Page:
Brexit: Perspectives Ahead of the Referendum


On 23rd June UK citizens will be voting on a referendum to decide their standing in the EU. For the past six months the Leave and Remain campaigns have been rallying supporters creating a breach within all parties and the society. 15th of June polls revealed the population is leaning towards Brexit, with 46% for Leave, 39% for Remain, 11% undecided and 4% abstention.

With this in mind, on Wednesday 15th June, the British Chamber of Commerce invited expert panellists Damian Fraser (Managing Director, UBS) and Lorena Rauno (Professor and Researcher, CIDE) to share their insights on the upcoming referendum. The panel was moderated by Curtis Founding Partner and Member of Chamber Board Antonio Prida Riva.

Antonio Prida opened the debate by posing the essential questions for the experts to address. How would Brexit impact the European Union (EU) in the short and long term? Are bilateral free trade agreements (FTA) better than economic and political unions? Is the World Trade Organisation enough when it comes to free trade? What would Brexit mean for Mexico?

Lorena set the stage by explaining the history of the UK’s complicated relationship with the EU. Though many consider the UK as one of the EU’s founding members the country did not join until 1973 after failing to obtain certain concessions. Given this delay, the UK joined a “club” that was not tailored to its needs and this soon became a problem. In 1975, only two years after becoming a member, the UK held a referendum to leave the European Community, which resulted in a vote of 66% to remain.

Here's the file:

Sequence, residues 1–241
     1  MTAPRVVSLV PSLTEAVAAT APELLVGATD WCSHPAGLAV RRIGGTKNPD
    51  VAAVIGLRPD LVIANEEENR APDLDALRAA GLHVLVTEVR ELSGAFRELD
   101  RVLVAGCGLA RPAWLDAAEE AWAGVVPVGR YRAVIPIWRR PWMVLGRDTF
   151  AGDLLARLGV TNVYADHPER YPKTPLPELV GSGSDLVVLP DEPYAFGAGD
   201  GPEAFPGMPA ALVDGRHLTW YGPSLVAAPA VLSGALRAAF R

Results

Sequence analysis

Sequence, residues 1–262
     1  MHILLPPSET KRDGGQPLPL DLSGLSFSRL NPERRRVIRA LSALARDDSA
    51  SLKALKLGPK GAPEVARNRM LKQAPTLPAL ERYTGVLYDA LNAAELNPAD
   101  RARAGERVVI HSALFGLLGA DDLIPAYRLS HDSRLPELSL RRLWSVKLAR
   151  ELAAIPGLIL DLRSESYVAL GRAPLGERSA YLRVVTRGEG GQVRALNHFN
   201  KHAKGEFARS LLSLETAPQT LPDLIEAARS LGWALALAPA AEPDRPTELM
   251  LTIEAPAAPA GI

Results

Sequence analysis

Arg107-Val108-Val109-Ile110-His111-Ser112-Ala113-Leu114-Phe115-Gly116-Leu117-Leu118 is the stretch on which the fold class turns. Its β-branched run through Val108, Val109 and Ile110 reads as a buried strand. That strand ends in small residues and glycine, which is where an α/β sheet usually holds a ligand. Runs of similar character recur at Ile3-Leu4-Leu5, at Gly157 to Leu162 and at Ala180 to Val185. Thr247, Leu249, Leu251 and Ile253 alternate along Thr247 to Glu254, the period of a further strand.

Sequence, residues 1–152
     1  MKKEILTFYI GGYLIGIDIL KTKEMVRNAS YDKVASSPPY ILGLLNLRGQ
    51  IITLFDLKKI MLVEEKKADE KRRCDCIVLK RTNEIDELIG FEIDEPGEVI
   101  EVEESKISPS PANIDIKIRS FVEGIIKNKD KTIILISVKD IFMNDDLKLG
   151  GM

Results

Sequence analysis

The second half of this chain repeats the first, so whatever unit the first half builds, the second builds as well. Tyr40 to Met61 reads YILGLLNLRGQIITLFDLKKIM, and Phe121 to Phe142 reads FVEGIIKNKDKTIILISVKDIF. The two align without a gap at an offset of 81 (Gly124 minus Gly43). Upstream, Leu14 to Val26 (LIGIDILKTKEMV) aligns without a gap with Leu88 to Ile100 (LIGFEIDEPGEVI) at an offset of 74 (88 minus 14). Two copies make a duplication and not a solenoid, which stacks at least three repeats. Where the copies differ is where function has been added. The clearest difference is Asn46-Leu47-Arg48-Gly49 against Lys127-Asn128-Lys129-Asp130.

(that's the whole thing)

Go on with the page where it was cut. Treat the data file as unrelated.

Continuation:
Lorena went on to talk about the sectors that might be affected by Brexit. Most notable is the education sector which would lose a large amount of funding from EU members and would be cut out of the Erasmus Mundus network. Another sector that would suffer greatly is the agricultural sector since it is heavily subsidised by the EU.

During his intervention Damian Fraser explained that this referendum resulted from Prime Minister David Cameron’s promises to hold a vote to leave the EU during his campaign last year pressured by the United Kingdom Independence Party (UKIP). UKIP has been gaining supporters locally and among some members of the Conservative Party. As main supporters of the Brexit campaign they have brought issues such as immigration and terrorism to the spotlight. This has overshadowed their main argument: the cost of giving up sovereignty to access the common single market is no longer worth it. He insisted that there is logic behind the Leave campaign and that we cannot equate voting for Brexit with voting for Donald Trump.

Meanwhile, the Remain campaign has based their arguments on hard hitting facts supported by reports from HM Treasury. The UK’s main trade and investment partners are EU members representing 45% of total trade. Not only will leaving the EU drastically change the way the UK trades, it will also affect the GDP per capita and the pound, which will drop between 10 and 15%.

Finally, Mr. Fraser went through the three most likely models that would replace the EU after Brexit:

  1. The Norwegian Model. Norway has access to the common market without much interference but without a voice and a veto, conditions the UK will be unlikely to accept.
  2. The Canadian Model. In 2014 Canada reached an agreement with the EU which intends not only to reduce tariffs but also contemplates certain non-tariff barriers. This would enable the UK to have access to the common market without allowing free movement of persons. However, this agreement does not cover all services, which represent 80% of the UK’s GDP. Also an agreement of this magnitude is unlikely to happen between the UK and the EU after Brexit.
  3. The World Trade Organisation (WTO) Model. In this model the UK will trade exclusively under WTO regulations like Brazil and Russia and it would have to pay duty on all exports.

The panel was followed by a Q&A session which mainly cover economic issues such as the status of the City of London, whether Brexit might weaken or strengthen other commercial trading blocks and the implications of the UK leaving for Mexico, its peso and TTP negotiations.




The purpose of this article is to cover a breakfast-conference hosted by the British Chamber of Commerce in Mexico with external panellists. The views expressed in this article do not represent those of the British Chamber of Commerce in Mexico or any of its associates.